Mushers believe in "culling" or killing unwanted dogs, including puppies. Many dogs who are permanently disabled in the Iditarod, or who are unwanted for any reason, are killed with a shot to the head, dragged or clubbed to death. "On-going cruelty is the law of many dog lots. Dogs are clubbed with baseball bats and if they don't pull are dragged to death in harnesses....." wrote Alaskan Mike Cranford in an article for Alaska's Bush Blade Newspaper (March, 2000).

Jon Saraceno wrote in his March 3, 2000 column in USA Today, "He [Colonel Tom Classen] confirmed dog beatings and far worse. Like starving dogs to maintain their most advantageous racing weight. Skinning them to make mittens. Or dragging them to their death."

The Iditarod, with its history of abuse, could not be legally held in many states, because doing so would violate animal cruelty laws.

Iditarod administrators promote the race as a commemoration of sled dogs saving the children of Nome by bringing diphtheria serum from Anchorage in 1925. However, the co-founder of the Iditarod, Dorothy Page, said the race was not established to honor the sled drivers and dogs who carried the serum. In fact, 600 miles of this serum delivery was done by train and the other half was done by dogs running in relays, with no dog running over 100 miles. This isn't anything like the Iditarod.

The race has led to the proliferation of horrific dog kennels in which the dogs are treated very cruelly. Many kennels have over 100 dogs and some have as many as 200. It is standard for the dogs to spend their entire lives outside tethered to metal chains that can be as short as four feet long. In 1997 the United States Department of Agriculture determined that the tethering of dogs was inhumane and not in the animals' best interests. The chaining of dogs as a primary means of enclosure is prohibited in all cases where federal law applies. A dog who is permanently tethered is forced to urinate and defecate where he sleeps, which conflicts with his natural instinct to eliminate away from his living area.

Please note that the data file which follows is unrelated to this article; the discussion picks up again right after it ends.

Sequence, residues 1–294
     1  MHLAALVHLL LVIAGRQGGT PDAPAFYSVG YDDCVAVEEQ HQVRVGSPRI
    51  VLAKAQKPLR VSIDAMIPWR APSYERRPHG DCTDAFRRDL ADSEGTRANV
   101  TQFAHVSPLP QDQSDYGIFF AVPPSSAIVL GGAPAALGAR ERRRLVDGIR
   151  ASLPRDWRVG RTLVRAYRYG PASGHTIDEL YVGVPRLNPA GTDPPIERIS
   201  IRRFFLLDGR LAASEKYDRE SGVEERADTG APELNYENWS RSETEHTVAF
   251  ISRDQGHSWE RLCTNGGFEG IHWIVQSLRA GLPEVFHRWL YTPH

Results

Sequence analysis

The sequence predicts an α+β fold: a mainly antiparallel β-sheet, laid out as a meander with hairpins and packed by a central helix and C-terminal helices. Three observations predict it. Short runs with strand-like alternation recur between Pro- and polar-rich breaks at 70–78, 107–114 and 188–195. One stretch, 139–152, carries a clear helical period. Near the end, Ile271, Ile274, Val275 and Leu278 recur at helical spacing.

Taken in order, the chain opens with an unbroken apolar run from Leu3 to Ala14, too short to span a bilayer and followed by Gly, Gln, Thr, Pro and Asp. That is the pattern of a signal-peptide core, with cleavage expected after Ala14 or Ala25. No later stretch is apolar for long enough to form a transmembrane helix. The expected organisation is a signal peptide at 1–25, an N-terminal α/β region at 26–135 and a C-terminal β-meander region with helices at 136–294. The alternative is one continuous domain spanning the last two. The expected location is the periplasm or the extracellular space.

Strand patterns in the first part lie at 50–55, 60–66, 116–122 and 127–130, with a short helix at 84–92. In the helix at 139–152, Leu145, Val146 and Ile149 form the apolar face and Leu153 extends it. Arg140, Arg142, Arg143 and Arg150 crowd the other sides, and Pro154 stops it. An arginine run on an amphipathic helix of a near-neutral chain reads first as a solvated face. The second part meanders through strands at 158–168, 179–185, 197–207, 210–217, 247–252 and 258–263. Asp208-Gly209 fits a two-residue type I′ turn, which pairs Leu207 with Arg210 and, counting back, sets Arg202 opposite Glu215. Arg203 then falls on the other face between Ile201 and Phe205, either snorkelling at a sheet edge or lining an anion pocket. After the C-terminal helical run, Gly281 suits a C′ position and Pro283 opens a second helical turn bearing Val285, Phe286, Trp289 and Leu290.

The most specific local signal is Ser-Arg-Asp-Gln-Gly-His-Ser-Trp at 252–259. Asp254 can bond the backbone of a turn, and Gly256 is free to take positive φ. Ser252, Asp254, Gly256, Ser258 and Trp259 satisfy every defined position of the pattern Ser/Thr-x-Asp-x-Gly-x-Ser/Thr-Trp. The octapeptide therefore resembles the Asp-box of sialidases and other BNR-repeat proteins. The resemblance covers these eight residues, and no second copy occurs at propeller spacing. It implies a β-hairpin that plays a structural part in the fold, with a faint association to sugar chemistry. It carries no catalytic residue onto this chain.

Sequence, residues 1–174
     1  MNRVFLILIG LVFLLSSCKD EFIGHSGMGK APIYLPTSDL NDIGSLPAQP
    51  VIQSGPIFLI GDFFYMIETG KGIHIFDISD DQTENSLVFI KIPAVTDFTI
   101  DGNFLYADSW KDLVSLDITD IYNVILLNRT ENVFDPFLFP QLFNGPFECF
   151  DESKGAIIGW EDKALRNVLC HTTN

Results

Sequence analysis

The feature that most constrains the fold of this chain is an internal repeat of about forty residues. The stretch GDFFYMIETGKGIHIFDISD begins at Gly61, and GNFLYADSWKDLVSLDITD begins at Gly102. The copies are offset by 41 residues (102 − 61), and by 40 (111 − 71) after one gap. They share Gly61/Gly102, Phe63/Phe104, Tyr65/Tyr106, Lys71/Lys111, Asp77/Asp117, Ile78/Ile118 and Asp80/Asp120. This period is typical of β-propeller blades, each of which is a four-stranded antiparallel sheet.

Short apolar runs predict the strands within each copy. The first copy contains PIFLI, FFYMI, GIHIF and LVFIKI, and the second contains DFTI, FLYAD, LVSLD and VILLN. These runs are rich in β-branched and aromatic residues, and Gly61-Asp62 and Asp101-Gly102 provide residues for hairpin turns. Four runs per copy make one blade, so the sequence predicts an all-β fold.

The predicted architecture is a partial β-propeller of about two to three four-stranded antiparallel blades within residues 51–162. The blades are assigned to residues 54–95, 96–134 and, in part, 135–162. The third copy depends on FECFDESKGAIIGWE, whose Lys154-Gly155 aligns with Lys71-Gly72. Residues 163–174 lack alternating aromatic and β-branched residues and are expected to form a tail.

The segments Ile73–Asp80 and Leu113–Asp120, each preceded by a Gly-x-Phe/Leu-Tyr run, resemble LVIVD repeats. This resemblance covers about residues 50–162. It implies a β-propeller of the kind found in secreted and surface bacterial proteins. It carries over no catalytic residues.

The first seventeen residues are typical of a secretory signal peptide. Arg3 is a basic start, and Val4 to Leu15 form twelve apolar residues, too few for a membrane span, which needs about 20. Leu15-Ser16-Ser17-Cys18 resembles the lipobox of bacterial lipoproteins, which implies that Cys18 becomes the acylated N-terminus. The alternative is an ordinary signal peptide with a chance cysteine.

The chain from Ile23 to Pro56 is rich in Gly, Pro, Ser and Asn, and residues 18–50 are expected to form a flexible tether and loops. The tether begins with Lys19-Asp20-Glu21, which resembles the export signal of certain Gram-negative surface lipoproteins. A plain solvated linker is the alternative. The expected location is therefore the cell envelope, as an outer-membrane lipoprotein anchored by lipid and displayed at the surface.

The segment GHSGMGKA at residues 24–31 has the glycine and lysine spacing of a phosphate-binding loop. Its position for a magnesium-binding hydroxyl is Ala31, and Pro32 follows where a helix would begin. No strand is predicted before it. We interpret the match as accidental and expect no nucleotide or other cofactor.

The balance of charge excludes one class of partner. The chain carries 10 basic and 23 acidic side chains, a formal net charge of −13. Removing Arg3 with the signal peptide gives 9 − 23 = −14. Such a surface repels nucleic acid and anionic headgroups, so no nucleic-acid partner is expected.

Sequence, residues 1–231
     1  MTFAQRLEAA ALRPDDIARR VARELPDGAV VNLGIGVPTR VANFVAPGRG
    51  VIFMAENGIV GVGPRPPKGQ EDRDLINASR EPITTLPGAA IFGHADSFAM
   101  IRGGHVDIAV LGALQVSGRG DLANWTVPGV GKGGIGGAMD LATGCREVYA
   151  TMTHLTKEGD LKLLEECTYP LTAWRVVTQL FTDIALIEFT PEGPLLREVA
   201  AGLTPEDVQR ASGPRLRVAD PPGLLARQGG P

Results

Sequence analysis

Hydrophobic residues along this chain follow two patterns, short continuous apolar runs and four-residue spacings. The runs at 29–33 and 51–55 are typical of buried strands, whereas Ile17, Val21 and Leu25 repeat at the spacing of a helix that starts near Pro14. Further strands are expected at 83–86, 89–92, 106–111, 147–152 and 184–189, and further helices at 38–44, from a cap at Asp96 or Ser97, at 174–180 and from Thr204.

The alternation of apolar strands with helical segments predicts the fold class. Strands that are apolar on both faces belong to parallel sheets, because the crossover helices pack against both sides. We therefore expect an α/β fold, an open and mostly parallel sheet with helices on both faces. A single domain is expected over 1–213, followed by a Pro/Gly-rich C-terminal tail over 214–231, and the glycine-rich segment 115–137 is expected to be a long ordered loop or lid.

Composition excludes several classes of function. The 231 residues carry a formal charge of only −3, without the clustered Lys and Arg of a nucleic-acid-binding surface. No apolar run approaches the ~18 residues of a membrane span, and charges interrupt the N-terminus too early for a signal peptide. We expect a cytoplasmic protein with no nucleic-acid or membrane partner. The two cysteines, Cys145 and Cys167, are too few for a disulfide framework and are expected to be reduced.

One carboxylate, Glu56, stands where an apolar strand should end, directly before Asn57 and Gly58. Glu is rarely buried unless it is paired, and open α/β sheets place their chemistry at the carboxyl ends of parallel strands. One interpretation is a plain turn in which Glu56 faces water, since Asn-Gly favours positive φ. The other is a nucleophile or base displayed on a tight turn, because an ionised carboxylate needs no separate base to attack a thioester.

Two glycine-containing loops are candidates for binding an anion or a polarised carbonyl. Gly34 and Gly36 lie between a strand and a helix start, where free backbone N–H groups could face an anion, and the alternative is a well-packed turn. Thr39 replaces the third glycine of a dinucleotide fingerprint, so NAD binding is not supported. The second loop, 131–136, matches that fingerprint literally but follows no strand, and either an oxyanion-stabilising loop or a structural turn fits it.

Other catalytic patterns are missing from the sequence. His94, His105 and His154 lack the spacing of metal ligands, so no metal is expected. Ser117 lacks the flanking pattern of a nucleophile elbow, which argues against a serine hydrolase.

Iditarod dogs are prisoners of abuse.

Sincerely,
Margery Glickman
Director
Sled Dog Action Coalition, http://www.helpsleddogs.org 

Lacey said...

As a response to the comment left by Mrs. Glickman;
Have you ever gone to watch an Iditarod or do you just sit back in your comfortable, probably New York, Chicago, Las Vegas, or other large city home and spend your time looking up resources that have the worst to say about dog mushing? I'm guessing that you are sitting in your house with a foo-foo dog and looking up more people to cite now. I hope in the future you will go to watch the race and actually talk to the mushers. They are great people that take better care of their dogs than they do themselves.
As for the owner of the blog. I am glad that you got to go and look at some kennels in Alaska! I have been there and looked at the kennels myself and watched and handled for the Iditarod. It was a great experience and taught be a lot. Organizations such as the Sled Dog Action Coalition, PETA, and HSUS would like you to believe that the dogs are tortured, forced to run and abused. This is not the case, as I am sure you saw.
Good luck in your future travels!

Lacey

Anonymous said...

I did not get this at all